Greek national sporting heroes and doping suspects Kostas Kenteris and Ekaterini Thanou quit the Olympic Games yesterday morning after leaving an International Olympic Committee hearing into their missed drugs test.

Four hours later, after an emergency meeting of its executive board, the IOC decided not to take any action against the pair and handed their case to athletics' governing body, the IAAF.

An IOC statement said: "This decision means that (they) will not take part in the Athens 2004 Olympic Games and that the IOC is no longer the authority responsible for issuing potential sanctions related to the Athens Olympic Games."

They are likely to face a lengthy ban if the IAAF, as expected, find they have broken anti-doping regulations.

Kenteris, the Olympic 200m champion from the 2000 Games in Sydney, insisted he was innocent of any wrongdoing but said he was walking out on the Olympics in the interests of Greece. "I categorically declare that I was never informed or told to present myself for a doping control in the Olympic village," said the 31-year-old.

"During the last four years, I've passed more than 30 controls that never resulted in any problems. But in the interests of the country I am withdrawing from the Games and I also announce the end of my cooperation with my coach Christos Tzekos."

The duo's lawyer Michalis Dimitrakopoulos said that while the
procedure could have been drawn out even further, the duo had taken their decision in order to avoid the Olympics being further damaged by the controversy. 

"Considering that the media were preoccupied with this subject and that the procedure could drag on for three more days, the two athletes became aware that they should present themselves before the IOC commission and take this painful decision," said Dimitrakopoulos.

Kenteris and training partner Ekaterini Thanou, the women's 100m silver medallist from the 2000 Olympics, had been before the IOC Disciplinary Commission over missing a mandatory drugs test last Thursday.

"I apologise to the Greek people for not being able to participate in the Games. It's very difficult to withdraw, especially if they take place in one's own home country," Thanou said.

A Greek Olympic Committee spokesman had said earlier in the day Thanou had not been registered to take part in the 100m, although she could have been eligible for the women's 4x100m relay.

The Greek stars' controversial coach Christos Tzekos said after the meeting he accepted responsibility for the incident. owever, he refused to acknowledge any error on his part. "I don't feel I've made any errors. Nevertheless, I accept my responsibilities, whatever they are," said Tzekos, who claimed on Tuesday that he had been informed about the test several hours after it was meant to have taken place.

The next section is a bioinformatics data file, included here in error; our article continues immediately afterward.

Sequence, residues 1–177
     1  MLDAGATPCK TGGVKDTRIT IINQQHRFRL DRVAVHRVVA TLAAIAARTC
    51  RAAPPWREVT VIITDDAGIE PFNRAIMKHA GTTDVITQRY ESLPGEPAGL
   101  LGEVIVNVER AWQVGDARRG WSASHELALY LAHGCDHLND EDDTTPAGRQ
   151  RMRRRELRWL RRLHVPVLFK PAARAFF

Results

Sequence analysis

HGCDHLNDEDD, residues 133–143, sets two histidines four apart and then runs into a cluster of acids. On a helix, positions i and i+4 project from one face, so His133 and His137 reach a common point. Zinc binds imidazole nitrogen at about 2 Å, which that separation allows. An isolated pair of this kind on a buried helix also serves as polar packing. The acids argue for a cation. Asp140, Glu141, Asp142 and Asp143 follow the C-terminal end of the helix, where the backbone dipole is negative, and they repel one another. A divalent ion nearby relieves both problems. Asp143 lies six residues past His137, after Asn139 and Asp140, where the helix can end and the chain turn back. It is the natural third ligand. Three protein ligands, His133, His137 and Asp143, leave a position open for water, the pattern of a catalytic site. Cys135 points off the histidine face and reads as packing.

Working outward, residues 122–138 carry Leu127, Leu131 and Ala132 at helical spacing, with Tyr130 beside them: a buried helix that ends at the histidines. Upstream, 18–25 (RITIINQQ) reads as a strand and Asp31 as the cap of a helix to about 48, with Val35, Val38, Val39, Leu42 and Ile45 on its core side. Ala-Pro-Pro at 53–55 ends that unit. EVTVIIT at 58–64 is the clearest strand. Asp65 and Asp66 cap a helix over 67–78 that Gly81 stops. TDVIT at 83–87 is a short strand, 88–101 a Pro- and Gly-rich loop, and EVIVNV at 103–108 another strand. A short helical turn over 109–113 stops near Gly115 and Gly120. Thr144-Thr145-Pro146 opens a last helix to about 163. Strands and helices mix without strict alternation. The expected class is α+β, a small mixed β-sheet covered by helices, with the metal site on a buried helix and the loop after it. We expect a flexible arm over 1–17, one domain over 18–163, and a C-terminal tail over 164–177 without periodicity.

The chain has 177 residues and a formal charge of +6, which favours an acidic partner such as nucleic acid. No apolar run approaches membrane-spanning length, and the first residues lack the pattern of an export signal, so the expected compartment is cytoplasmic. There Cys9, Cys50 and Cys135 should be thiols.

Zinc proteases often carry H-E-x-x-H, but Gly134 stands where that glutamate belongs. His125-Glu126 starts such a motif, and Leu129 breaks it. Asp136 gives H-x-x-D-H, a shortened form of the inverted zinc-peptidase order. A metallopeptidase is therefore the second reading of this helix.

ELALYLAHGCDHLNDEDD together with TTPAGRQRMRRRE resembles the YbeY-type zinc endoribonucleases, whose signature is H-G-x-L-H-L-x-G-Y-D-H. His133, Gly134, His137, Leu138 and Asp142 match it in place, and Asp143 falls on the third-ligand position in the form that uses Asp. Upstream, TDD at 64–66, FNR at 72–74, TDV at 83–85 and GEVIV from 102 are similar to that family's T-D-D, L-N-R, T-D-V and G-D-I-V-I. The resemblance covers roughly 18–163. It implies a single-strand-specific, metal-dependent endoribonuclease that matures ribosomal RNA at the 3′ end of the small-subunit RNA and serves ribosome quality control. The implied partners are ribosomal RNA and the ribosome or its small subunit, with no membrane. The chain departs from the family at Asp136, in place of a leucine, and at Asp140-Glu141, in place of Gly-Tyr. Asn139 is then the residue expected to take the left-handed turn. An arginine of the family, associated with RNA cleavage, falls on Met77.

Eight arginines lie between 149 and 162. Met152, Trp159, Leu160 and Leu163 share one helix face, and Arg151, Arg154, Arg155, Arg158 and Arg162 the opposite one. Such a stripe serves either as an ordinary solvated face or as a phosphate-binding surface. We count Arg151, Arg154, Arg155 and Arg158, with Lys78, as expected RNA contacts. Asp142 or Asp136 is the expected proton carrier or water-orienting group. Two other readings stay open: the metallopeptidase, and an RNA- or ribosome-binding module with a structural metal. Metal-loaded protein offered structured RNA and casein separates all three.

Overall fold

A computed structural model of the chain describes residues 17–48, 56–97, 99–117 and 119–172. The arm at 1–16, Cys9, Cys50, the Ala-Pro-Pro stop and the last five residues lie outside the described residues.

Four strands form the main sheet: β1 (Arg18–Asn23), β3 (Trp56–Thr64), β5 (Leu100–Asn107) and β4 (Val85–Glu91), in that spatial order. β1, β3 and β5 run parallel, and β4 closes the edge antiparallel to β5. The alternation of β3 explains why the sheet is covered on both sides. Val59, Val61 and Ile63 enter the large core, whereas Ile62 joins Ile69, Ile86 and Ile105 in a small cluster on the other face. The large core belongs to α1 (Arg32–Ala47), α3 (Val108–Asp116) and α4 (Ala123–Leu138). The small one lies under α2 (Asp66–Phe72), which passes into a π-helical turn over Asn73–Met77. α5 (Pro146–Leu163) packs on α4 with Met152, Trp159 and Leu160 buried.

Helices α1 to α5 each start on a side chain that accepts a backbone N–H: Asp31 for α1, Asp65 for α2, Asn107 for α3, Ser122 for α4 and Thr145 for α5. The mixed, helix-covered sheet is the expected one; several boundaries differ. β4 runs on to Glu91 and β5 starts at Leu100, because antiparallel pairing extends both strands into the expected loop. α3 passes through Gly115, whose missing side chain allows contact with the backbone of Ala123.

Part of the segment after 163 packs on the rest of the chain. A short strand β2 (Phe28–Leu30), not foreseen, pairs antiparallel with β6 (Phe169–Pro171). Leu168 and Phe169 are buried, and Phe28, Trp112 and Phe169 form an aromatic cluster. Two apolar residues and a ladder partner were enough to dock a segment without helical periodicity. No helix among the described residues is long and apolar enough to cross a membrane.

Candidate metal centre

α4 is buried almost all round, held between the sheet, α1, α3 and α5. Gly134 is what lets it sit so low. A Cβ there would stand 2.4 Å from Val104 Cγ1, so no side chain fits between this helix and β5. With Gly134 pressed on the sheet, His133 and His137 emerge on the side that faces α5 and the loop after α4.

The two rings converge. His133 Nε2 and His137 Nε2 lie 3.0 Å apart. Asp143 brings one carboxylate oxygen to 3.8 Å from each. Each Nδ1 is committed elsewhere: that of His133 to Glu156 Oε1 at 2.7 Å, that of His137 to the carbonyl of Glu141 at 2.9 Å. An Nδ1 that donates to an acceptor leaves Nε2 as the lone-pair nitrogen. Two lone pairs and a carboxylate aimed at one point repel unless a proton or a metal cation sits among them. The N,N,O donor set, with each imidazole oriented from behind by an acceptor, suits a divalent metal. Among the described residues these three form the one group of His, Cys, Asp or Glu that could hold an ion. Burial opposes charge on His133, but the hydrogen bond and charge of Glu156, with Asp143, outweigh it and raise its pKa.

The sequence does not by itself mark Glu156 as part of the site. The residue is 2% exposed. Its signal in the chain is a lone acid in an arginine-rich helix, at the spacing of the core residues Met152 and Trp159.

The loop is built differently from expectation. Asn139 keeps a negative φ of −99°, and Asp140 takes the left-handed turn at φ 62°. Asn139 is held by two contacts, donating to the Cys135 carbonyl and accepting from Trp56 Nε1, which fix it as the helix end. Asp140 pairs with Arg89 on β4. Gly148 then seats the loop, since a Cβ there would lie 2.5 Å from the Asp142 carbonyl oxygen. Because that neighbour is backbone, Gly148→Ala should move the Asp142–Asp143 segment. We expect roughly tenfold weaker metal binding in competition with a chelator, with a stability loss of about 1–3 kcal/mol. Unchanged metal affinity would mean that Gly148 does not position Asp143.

"I want to thank my two athletes for having had the courage to take the decision to withdraw," added Tzekos who served a two year ban in the late 1990s after he barred drug officials from testing his athletes, which included Thanou.

Kenteris and Thanou spent just 50 minutes before the IOC Disciplinary Commission which took place under tight security at an Athens hotel.

The inquiry into the incident had been delayed last week when both athletes were reportedly involved in a motorcycle crash just hours after they had missed the test and their injuries were said to be too serious for them to attend. Bizarrely, Kenteris was pictured lying in a hospital bed with his running shoes on.

The drug test had been scheduled the day before the Games opening ceremony when Kenteris had been expected to have the honour of lighting the Olympic flame. However, as the controversy raged, he was dropped.

A Greek sports official has said that Kenteris and Thanou panicked when being warned that they might undergo a drugs test in the athletes' village. The Greek Olympic Committee (HOC) subsequently excluded them from the country's Olympic team pending the IOC investigation into the matter.

Meanwhile, Greek prosecutors continued an investigation into the athletes' mysterious motorcyle accident. Dimitrakopoulos said the couple fell from the machine Kenteris was steering as they were rushing back to the athletes' village after discovering they were needed for the doping test last Thursday. But no accident was reported to police and no ambulance was called to the scene.

Filed by James Boylan